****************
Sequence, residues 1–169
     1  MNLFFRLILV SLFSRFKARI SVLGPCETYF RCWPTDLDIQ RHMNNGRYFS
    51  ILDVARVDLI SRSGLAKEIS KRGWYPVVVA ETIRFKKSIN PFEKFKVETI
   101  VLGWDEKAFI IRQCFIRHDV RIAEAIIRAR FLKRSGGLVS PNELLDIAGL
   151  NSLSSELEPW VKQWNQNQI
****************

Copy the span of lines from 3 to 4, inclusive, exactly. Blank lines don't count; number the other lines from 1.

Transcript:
    51  ILDVARVDLI SRSGLAKEIS KRGWYPVVVA ETIRFKKSIN PFEKFKVETI
   101  VLGWDEKAFI IRQCFIRHDV RIAEAIIRAR FLKRSGGLVS PNELLDIAGL